Fuente Dé (43.144256,-4.811261). The easiest way to reach high altitudes is to take the cable car here. Arrive by 0830 to avoid the queues: the ticket office usually opens at 0845. Explore the area north: no need to stick to the well-worn trail. Ideally at the first intersection, turn left (west) towards La Vueltona and work that area before returning to the junction and continuing north then eat towards Hotel Avila and round/down to Espinama.
Tudes (43.122357,-4.611812). The GPS coordinates marks the point where Ben Macdonald (whose excellent butterfly-centered trip report is a must-read) looked for Southern Marbled Skipper. He didn't see it, and nor did I despite several attempts (just Mallow Skipper...). Nevertheless, the paths leading out of the village were worth exploring for heathland and Quercus-oak forest fauna. A good range of butterflies, Fiery Clearwing, and some nice birds.
Embalse de Besande (42.874657,-4.879746). An overwhelming site for butterflies: I managed 50 species in three hours without really trying. Quite outstanding. Park at the GPS coordinates. This is east of the P-215, a few km south of the village of Besande. Then explore either side of the track leading north, and the the grassland east towards the Embalse (lake). I walked into the first north of the lake, but aside a few False Ilex Hairstreak, this wasn't really worth it. Stick to the flower-rich open areas. Dusky Large Blue was the standout butterfly (all in the slightly damp, low-lying area to the right of the path just as you reach the woodland)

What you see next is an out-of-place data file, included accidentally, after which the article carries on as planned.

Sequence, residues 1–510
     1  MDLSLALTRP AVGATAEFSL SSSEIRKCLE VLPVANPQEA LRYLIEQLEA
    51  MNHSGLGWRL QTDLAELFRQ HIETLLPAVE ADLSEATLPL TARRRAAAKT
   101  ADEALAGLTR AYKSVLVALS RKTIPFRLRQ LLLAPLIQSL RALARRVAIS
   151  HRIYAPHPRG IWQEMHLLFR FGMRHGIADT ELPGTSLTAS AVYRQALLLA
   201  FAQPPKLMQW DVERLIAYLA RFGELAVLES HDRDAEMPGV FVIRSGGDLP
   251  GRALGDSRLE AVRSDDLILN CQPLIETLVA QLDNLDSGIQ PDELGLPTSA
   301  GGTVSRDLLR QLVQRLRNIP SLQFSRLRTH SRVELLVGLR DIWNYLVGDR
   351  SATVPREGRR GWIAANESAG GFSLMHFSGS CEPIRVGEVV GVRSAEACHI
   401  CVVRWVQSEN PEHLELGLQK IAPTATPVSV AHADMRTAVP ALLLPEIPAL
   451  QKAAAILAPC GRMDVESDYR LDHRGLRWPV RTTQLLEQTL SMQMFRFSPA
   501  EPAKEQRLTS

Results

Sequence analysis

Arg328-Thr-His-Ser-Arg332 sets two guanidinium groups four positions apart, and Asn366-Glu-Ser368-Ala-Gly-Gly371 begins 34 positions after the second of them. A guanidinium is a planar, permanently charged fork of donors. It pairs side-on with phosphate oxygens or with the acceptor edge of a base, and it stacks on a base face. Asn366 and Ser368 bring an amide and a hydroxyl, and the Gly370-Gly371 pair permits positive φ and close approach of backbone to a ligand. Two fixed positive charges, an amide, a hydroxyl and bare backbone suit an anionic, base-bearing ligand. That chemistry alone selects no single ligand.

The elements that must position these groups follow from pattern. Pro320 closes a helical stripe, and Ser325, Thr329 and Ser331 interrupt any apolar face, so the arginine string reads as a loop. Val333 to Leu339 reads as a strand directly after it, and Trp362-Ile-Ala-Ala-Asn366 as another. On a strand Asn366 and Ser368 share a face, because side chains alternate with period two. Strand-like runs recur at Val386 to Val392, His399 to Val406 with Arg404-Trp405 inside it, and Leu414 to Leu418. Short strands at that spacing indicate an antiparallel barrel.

Arroyo de Mostajar (43.095233,-4.850968). Park at the hairpin, then explore north along the stream. A good site for butterflies, which rares including Chapman's Ringlet and Dusky Large Blue (the latter all in the damp, low-lying area to the right 50m north up the track).
Cosgaya (43.110472, -4.729662). We parked at the GPS coordinates, and crossed the road to walk uphill, along the road signposted 'Cosgaya 200m'. We then followed most of the alternative walk suggested for Cosgaya in Teresa Farino's excellent little Sunflower guide to the Picos (a must-buy). Nice stream side deciduous forest and craggy heathland. Good for butterflies, though nothing special during our two visits. (Apparently better in June.) Martin Fowlie had a dead Seone's Viper here.
Puerto San Gloria (43.052568, -4.796656). The mountain pass on the N-621 heading south out of the Picos (en route between Potes and Besande, for example). A dead-cert for Citril Finch. In three visits, I always scored within three minutes - including 30 shortly after dawn. Also good for butterflies, including a surprising Lefebvre's Ringlet.
Covadonga (43.274845, -4.992087). During summer, you need to use one of the car parks below the village of Covadonga, then take a bus up to the top. We expected this would be a faff, but it was well worth it, enabling you to enjoy the scenery while avoiding driving the hairpins. At the top, it is pretty busy (this is a honeypot site for tourists), but the lakes are beautiful, and the short walk proposed in the Sunflower guide, connecting the two lakes, is rich in wildlife and devoid of people. Iberian Rock Lizard was notably easy here, although butterflies were surprisingly scarce.